In addition, with some of the combinations mentioned of diphenyl ethers used according to the invention and other antimicrobial substances, there is a broadening of the range of action and/ or a synergistic effect. For example, the action of 4,4-dichloro-2-hydroxydiphenyl ether combined with halogenated hydroxydiphenyl methanes, halogenated salicyclic acid anilides and/or with halogenated diphenyl ureas, on ubiquitous bacilli such as, e.g. Bacillus m'esentericus and Sarcina uriae is clearly improved. The same is also true, e.g. of combinations of 4,2,4-trichloro-2-hydroxydiphenyl ether and halogenated ureas or halogenated salicylic acid anilides.

Also, for example, a combination of 4,4-dichloro-2- hydroxydiphenyl ether and 3,4,3',4-tetrachloro-2,2-dihydroxydiphenyl methane has a synergistic effect on Pseudomonas pyocyanea or a combination of 4,4'-dichloro-2-hydroxydiphenylether and 3,5,6,3,5',6-hexachloro- 2,2-dihydroxy-diphenyl methane has a synergistic effect e.g. on Pseudomonas pyocyanea, Serratia marcescens and Pseudomonas aeruginosa.

The compounds of the foregoing formulas possessing a free hydroxyl group are obtained from known starting materials by various known processes.

A first process consists in boiling the diazonium compound of the corresponding Z-amino-halogen diphenyl ether, and thereby replacing the diazo group by a hydroxyl group.

Suitable 2-amino-halogen diphenyl ethers are, e.g.: 2-amino-2,4',5-trichloro-, 2-amino-4,4'-dichloro-, 2-amino-4- chloro-4'-bromo-, 2 amino 4 bromo-4-chloro, 2-amino-4-chloro-4'-fluoro-, 2-amino 4.,3,4 trichloro-, 2-arnino. -4,2,4-trichloro-, 2-amino-4,2',4',5'-tetrachloro-, 2amino-4,4-dichloro-3-methylor 2-arnino-4,4-dichloro- 3 -trifluoromethyl-diphenyl ether.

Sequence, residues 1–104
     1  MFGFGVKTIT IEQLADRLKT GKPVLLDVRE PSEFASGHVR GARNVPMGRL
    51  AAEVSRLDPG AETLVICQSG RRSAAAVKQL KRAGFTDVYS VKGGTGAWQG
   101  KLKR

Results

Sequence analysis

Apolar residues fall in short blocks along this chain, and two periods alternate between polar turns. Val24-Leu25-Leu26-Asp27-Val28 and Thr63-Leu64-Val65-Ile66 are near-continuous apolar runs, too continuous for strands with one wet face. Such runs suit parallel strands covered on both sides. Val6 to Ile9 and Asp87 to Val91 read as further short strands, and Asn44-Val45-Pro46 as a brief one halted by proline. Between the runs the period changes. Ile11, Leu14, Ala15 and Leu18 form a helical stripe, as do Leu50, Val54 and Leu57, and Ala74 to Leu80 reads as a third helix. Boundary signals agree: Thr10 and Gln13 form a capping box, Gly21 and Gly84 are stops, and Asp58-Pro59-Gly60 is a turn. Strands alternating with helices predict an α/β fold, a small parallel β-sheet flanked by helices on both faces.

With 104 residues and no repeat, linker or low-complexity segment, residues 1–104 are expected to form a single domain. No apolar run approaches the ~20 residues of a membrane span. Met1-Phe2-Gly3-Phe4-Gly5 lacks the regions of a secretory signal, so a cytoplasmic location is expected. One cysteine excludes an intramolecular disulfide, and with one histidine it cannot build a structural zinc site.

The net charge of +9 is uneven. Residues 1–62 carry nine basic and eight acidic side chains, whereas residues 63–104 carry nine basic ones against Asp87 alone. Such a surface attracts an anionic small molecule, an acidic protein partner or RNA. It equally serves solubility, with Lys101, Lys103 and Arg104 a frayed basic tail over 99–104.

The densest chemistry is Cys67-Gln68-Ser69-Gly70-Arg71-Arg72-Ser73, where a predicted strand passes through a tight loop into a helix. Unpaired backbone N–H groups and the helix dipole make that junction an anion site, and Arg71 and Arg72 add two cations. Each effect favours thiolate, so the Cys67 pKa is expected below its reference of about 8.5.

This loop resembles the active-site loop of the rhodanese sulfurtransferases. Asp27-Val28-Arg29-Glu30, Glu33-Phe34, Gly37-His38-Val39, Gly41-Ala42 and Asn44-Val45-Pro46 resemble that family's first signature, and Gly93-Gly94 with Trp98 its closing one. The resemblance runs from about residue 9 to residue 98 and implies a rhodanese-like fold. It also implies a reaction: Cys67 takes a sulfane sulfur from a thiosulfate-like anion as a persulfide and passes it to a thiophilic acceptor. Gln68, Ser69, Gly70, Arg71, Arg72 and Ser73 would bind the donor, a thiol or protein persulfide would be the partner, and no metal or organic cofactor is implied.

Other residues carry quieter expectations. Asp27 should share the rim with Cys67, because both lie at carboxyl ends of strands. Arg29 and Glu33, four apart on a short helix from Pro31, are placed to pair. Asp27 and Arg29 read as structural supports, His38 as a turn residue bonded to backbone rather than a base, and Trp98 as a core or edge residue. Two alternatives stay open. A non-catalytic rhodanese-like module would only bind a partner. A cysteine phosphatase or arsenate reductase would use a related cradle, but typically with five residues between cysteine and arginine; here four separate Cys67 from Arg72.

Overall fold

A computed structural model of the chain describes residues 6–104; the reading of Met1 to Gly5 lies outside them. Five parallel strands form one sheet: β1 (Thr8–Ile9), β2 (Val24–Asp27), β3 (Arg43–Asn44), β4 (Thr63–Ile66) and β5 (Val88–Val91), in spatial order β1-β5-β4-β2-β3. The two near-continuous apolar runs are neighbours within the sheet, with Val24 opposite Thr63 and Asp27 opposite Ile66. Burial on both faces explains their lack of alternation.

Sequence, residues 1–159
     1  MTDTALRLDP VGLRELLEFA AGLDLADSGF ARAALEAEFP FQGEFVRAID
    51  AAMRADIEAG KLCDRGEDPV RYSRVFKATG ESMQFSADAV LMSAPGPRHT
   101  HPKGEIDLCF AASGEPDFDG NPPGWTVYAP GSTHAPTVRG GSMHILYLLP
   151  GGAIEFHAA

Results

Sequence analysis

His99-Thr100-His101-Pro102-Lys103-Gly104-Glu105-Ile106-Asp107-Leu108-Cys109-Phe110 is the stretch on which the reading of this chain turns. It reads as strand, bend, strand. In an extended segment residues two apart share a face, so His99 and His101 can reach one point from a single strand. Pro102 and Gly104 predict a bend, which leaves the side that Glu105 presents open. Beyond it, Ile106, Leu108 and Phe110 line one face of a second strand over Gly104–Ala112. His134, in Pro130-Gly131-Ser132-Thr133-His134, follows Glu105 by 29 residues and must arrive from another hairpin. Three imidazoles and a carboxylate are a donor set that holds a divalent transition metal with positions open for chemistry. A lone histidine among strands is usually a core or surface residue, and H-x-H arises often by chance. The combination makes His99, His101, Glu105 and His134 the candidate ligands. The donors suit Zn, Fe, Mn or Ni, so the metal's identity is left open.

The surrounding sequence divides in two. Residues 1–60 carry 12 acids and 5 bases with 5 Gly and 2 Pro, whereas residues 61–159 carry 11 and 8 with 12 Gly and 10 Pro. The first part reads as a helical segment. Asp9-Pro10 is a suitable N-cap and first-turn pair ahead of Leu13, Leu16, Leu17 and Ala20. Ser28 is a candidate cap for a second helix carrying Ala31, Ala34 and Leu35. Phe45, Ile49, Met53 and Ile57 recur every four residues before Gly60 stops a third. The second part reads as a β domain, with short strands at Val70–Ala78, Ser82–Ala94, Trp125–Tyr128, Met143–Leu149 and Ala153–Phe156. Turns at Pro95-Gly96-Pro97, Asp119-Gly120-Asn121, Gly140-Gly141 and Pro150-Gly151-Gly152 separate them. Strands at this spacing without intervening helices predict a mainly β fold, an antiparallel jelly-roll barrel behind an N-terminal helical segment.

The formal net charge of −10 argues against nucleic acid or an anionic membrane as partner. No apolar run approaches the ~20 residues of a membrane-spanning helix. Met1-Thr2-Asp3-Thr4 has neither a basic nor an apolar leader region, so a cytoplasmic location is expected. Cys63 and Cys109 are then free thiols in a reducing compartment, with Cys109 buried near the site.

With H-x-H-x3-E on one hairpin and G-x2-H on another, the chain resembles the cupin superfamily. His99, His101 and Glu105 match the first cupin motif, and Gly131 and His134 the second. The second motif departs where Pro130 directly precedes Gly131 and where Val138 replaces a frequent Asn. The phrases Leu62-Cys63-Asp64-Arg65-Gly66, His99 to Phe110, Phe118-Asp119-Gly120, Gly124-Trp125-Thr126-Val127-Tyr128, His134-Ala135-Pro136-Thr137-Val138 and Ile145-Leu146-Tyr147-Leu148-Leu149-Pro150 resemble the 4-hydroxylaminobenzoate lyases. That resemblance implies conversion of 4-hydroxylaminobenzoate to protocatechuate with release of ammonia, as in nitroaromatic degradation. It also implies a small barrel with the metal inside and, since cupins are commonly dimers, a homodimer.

The halogen-cyaminodiphenyl ethers used in this process as starting materials can be produced, for example, by condensation of the corresponding 1-nitro-2-fluoro-, 1-nitro-2:-chloroor 1-nitro-2-bromo-benzenes with phenols or phenolates and reduction of the halogen-o-nitrodiphenyl ether formed.

The Z-amino-halogen diphenyl ethers are diazotized and the Z-diazo compounds are then hydrolized by boiling with water or with an aqueous acid, especially sulfuric acid, under conditions known per se.

For example, the diazonium sulfate prepared by means of nitrosyl sulfuric acid or by means of sodium nitrite in sulfuric'acid is used as diazonium salt and it is boiled in about 50-80% sulfuric acid at the boiling temperature thereof in the presence of a higher boiling inert organic solvent such as, e.g. o-dichlorobenzene, which takes up the reaction product.

The known Z-amino-halogen-diphenyl ethers usable as starting materials in the above first process, are made from the corresponding halogen-substituted Z-nitrodiphenyl ethers by reduction, e'.g. by means of stannous chloride and hydrochloric acid, zinc dust and acetic acid, or iron and hydrochloric acid, or by catalytic hydrogenation. Some of the substituted Z-nitro-diphenyl ethers are known; others can be produced by reaction of correspondingly substituted Z-halogeno-l-nitrobenzenes with alkali metal salts of phenol, 4-halogenoor 2,4-dihalogenophenols.

A second production process consists in condensing a 1-nitro-2-fiuoro-, -chloroor -bromo-benzene or a 1-nitro 4-fiuoro-, -chloroor -brom-benzene which may contain further halogen atoms with a 1-hydroxy-2-alkoxybenzene which may contain halogen, the condensation being performed in the presence of an acid binding agent, to form the corresponding o-nitro-o-alkoxy-diphenyl ethers or pnitro-o'-alkoxydiphenyl ethers and, in any order desired, reducing the nitro group to the amino group, diazotising the latter replacing the diazo group by hydrogen or halogen and then dealkylating the alkoxy group, care being taken by the choice of starting materials or the performance of the operations, that the o-hydroxydiphenyl ether formed contains at least one halogen atom in ring A or two halogen in ring B of the final compound.